If, however, you want to make a charitable gift and are 70 ½ or over, the Tax Code still allows you to transfer up to $100,000 from your IRA to Duke and other charities through a qualified charitable distribution (QCD), sometimes called a “charitable IRA rollover.” In any other year, the amount rolled over to charity as a QCD would count toward your required minimum distribution, but even in 2020 there are reasons to use a QCD to support Duke and your other favorite charities: 

  • A QCD is an easy way to support charities you care about – particularly at this time of acute need;

  • The amount you transfer to charity as a QCD is not counted in your taxable income; and,

  • You reduce your IRA account balance by the amount of your QCD, and consequently, reduce future RMD.

Support Duke and unlock a stream of fixed income for life!

The uncertainty of these difficult times extends to the stock market. March 2020 was the toughest month for many investments since 2008. If you’re searching for a payment stream that would remain constant in good times and bad, and you’d also like to support the great work of Duke University, you may want to consider a charitable gift annuity

A charitable gift annuity is an agreement between you and Duke where you make a gift of at least $10,000 (cash or appreciated stock), and Duke promises to pay you and a loved one a fixed income for life. Duke’s promise to pay is backed by its general assets and will not waver regardless of how the market changes. If you would like to learn more about how a charitable gift annuity or other planned giving strategies might work for you please contact the Office of Gift Planning


During this trying time, we want to assure you that Duke continues to innovate, educate, research and serve with the courage and ambition that defines this university. Scores of Duke doctors, nurses, researchers and others are working to address the challenge posed by the novel coronavirus. Our faculty continues to teach students in new and creative ways, the Chapel is live-streaming Sunday services, and Duke Gardens continues to bloom. If you have questions about gift planning, the university's coronavirus response, or you simply want to talk to a friend, please don't hesitate to reach out. Stay safe and well!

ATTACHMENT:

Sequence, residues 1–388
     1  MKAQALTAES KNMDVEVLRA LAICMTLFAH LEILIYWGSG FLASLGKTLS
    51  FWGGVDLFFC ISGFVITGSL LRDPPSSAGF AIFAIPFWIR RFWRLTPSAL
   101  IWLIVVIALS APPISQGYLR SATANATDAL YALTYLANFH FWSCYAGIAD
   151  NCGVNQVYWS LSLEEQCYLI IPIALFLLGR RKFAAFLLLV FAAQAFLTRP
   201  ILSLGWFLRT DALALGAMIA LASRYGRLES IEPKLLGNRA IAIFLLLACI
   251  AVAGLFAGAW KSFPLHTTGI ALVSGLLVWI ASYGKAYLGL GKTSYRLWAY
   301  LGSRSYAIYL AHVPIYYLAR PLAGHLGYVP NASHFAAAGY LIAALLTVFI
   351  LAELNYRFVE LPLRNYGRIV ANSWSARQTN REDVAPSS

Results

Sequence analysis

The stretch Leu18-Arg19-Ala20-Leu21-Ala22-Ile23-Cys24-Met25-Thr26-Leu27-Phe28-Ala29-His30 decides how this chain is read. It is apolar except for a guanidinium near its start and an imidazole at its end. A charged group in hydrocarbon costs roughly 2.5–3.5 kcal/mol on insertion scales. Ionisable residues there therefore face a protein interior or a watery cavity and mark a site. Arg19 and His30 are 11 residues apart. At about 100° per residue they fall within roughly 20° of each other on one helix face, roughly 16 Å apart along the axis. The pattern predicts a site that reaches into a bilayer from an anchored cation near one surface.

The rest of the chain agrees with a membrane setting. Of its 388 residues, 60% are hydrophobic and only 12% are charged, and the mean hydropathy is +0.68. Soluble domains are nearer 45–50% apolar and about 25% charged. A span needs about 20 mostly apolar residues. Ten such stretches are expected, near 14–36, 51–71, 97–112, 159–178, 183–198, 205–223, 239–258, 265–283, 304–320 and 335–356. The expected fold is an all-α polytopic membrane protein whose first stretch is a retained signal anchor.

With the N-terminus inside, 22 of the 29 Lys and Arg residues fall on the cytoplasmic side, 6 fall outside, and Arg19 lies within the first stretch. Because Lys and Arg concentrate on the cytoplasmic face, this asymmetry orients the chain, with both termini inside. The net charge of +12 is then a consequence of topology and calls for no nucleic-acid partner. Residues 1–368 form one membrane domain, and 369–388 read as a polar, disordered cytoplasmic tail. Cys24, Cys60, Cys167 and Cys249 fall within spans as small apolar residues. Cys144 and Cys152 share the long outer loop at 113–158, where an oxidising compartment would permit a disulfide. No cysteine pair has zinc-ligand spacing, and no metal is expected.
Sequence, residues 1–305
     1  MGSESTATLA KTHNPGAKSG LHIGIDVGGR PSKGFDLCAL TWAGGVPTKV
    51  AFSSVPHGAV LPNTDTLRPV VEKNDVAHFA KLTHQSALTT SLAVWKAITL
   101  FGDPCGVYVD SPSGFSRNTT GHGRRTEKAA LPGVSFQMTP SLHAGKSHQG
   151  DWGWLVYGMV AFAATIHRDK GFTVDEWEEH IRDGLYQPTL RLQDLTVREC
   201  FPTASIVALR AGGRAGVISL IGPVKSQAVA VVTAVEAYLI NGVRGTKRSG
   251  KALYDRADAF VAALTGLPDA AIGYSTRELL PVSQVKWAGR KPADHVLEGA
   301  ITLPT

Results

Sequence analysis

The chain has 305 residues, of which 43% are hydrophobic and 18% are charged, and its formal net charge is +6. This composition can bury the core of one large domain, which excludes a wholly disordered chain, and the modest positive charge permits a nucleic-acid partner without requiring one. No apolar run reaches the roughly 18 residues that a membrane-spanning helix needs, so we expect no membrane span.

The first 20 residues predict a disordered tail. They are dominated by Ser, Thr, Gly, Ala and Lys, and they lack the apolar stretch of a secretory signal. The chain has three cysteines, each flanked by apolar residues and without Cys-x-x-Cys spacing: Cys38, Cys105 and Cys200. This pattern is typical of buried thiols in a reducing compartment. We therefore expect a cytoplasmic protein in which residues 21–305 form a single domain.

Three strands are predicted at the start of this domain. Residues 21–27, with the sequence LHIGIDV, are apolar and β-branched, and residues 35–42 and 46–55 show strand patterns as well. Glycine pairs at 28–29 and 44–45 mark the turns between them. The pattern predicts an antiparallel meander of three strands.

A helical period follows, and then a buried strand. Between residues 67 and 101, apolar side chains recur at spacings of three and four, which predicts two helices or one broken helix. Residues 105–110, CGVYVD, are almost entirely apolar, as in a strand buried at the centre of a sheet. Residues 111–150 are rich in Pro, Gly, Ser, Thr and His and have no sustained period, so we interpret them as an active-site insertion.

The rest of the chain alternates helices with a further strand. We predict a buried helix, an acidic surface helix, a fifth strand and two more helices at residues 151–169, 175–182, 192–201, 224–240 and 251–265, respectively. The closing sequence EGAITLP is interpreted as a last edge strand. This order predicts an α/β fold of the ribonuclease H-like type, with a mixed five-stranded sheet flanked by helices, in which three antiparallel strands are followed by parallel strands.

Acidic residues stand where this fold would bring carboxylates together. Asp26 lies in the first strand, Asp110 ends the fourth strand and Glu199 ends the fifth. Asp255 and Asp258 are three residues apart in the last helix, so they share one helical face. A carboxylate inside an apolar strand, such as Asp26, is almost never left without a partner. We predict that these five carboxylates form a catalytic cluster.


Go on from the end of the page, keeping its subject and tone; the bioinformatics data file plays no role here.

About the authors

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Anne Sherman ’94 Senior Associate Director of Gift Planning for Duke Health Development

Anne works with Duke Health donors who are interested in making a charitable gift to Duke and helps them navigate any tax or legal implications associated with the gifts. Prior to joining the gift planning team, Anne served as the assistant dean of academic advising at Duke Law School as part of the Law School’s Offices of Academic and Student Affairs and worked in the Law School’s Career and Professional Development Office. Earlier in her career, Anne worked for the college fund at the University of Chicago and practiced employee benefits law at firms in Chicago and Raleigh. Anne received her law degree from the University of Chicago Law School, graduating with honors, and her undergraduate degree from Duke. Anne and her family enjoy Duke Athletics events, and she actively volunteers in the Durham community.

Anne Sherman ’94 can be contacted via email or by phone at (919) 385-3187.


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Jeremy Arkin Assistant Vice President of Gift Planning

With more than 15 years of experience in gift planning and development, Jeremy helps alumni find ways to support Duke that complement their larger personal and financial goals. He understands the ins and outs of giving techniques that involve tax, retirement and estate planning. He also develops strategies for donating complex assets such as real estate and private business interests. When he's not at work, Jeremy attempts to channel Ron Carter and Ray Brown while playing his double bass.

Jeremy Arkin can be contacted via email or by phone at (919) 613-6195.